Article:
Those who seek God at the 11th hour die at 10:30.

  32. Shaman, it’s a matter of principle. At the very least, it was an act of insensitivity by the majority Catholics towards the minority non-Catholics (whether atheists or people of other faiths). As Ecclesiastes 3:1 says, “To everything there is a season, and a time to every purpose under the heaven” The time and place for engaging in a conversation with God (via an invocation) is in private or within a community of like-minded individuals. An event where you are bound to have a diverse lot of individuals which include nonbelievers like Atheista, Sassy or BryanBoy, such collective expression is out of place and smacks of in your face proselytizing. A personal relationship with God is best kept personal.

    By contrast, singing of the national anthem is ok since the event was held on Philippine soil and even foreigners have to respect that.

  33. I still return to my thesis that an underlying purpose of Catholic priests is to separate chaff from wheat. The priest intended the speech that he delivered.

    And for those who don’t seem to know it exists, there are many examples on the Web, and you yourself can write them and practice delivering them — inspirational speeches without the religious themes.

  34. cvj, I hope you’re not advocating a tyranny of the minority. I never thought that a little prayer could do so much harm. Wow! In a democracy, the minority is forced to bend to the will of the majority, and no one complains. At least, no one should. Here in a little act of prayer, delivered in the context of “to whom it may concern”, you are not even required to do anything except to be tolerant for a few minutes. Is it asking too much?

    Personally, I offer everything I do, in private or in public, for the greater glory of God. What if I went to a gathering of a majority of atheists and demanded that, as a matter of principle, there should be an invocation, otherwise it would be an act of insensitivy on their part? I could be as intolerant, couldn’t I?

    You see, this thing can cut both ways. And I again hold that tolerance is the best response to any given situation. What better thing is there to ensure racial and religious harmony (even in Singapore) than tolerance? Without tolerance on everyone’s part, things can be taken to extremes of absurdity. That’s when conflicts arise.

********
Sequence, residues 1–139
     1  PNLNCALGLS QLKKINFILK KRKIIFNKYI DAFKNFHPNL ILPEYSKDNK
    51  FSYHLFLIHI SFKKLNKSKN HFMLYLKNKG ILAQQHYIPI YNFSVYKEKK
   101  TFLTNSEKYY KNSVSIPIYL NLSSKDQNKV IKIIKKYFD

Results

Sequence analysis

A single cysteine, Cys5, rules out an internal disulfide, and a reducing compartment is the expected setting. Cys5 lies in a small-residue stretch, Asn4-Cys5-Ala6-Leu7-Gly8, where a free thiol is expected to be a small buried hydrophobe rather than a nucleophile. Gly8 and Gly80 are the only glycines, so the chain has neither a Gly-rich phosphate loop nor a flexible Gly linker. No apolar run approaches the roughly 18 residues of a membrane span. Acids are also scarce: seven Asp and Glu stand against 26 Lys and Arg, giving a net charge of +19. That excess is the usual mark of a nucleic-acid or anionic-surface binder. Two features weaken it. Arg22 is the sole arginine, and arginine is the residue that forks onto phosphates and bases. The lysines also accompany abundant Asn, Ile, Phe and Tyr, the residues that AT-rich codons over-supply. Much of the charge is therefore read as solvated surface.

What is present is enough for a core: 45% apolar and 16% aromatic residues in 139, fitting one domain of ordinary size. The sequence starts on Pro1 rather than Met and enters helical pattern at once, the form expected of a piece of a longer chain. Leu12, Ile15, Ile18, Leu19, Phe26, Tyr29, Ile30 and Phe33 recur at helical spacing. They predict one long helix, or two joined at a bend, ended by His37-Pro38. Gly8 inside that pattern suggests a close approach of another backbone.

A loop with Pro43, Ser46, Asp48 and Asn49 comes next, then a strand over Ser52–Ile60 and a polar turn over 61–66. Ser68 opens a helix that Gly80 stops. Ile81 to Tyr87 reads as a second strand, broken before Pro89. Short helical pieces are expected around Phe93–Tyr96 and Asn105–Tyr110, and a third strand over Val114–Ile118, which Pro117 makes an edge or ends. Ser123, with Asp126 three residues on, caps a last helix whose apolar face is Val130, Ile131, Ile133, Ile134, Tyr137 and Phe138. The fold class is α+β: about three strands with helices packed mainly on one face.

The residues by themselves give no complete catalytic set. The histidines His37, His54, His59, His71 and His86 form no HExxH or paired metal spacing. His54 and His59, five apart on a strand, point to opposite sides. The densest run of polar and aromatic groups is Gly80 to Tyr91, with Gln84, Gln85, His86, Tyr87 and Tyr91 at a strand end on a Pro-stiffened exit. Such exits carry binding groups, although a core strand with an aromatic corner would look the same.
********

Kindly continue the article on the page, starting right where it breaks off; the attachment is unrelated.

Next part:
35. Shaman, in a democracy, the minority has to accept the will of the majority as long as it does not violate their own rights. The event was a secular one, so prayer is out of place. We Catholic Filipinos just feel it’s normal because we’re so used to it, but at some point our insular culture has to change so we can catch up with the rest of the outside world.

    As to your counterexample, if you were inside a church or if it were a religious event, then perhaps you are within your rights to force the atheists to sit through an invocation, but not in any other public or secular space.

  36. When the anniversary of EDSA 1 was still attended by a lot of people, I remember that ecumenical services were done by representatives of different religions.

    I don’t exactly remember what those representatives said but they took their turns in saying them. (Maybe worthwhile if anybody remembers what was actually stated in those prayers)

    There was a discussion here once regarding an alleged insult to the Chritian faith. I remarked then that if the intention of those involved were to insult the Christians; would the Christians be at fault if they indeed took it as an insult?

    Fr. Cuyos implies that he did not intend to offend anybody. If anyone took the content of the prayer as offensive, well I can only surmise that they view their own reasons as valid.

    But please let us remember that even the concerned blogger has no problem with an invocation and nor that an invocation was included. Clearly even in a secular event, he didn’t consider a prayer out of place. The alleged problem is supposed to be in the content.

  37. Well, cvj, in a democracy the minority does lose some rights; the right to pursue a different policy or course of action, for instance.

    But, here, we are talking more about sensibilities than about rights. Hearing an invocation doesn’t make anyone lose his right to be an atheist. I don’t know about the Christian Brothers, but the Jesuits taught me to glorify God in all places and in all the things that I do, yes, even in a public or secular space. So, I prefer to make an act of offertory every time I start an activity. Don’t tell me I don’t have the right to do that.